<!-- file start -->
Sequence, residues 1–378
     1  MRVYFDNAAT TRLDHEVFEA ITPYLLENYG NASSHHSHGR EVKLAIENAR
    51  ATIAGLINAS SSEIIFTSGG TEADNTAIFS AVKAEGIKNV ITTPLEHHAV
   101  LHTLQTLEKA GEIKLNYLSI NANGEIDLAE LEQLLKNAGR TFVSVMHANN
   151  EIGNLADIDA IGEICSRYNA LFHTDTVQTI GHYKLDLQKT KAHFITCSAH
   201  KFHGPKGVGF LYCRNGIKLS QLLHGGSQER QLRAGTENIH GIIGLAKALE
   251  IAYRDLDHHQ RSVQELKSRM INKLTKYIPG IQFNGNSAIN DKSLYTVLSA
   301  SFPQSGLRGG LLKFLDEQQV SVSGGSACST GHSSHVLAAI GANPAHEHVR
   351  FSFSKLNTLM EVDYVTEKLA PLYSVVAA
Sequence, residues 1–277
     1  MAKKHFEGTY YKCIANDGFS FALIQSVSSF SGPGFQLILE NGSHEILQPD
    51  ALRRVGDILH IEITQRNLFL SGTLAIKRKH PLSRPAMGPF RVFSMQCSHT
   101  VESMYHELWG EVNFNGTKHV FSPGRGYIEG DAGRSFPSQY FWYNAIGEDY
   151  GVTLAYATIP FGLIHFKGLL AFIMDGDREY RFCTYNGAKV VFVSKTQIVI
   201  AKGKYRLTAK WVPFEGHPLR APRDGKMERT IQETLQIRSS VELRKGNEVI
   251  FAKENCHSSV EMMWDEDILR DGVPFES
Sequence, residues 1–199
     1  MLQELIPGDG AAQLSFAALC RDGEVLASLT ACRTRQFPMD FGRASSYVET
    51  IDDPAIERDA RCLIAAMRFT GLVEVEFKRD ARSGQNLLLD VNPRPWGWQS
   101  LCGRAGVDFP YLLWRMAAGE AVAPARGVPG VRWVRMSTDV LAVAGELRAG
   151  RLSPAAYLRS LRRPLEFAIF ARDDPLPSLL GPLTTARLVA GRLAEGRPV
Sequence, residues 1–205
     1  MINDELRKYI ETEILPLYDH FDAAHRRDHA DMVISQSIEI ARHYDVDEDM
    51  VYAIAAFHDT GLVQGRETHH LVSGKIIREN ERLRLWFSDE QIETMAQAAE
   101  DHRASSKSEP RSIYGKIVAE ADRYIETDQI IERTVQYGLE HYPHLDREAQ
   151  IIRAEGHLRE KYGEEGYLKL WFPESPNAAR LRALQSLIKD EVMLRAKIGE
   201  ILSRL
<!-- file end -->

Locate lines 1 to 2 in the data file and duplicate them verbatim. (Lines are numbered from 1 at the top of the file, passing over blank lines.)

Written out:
Sequence, residues 1–378
     1  MRVYFDNAAT TRLDHEVFEA ITPYLLENYG NASSHHSHGR EVKLAIENAR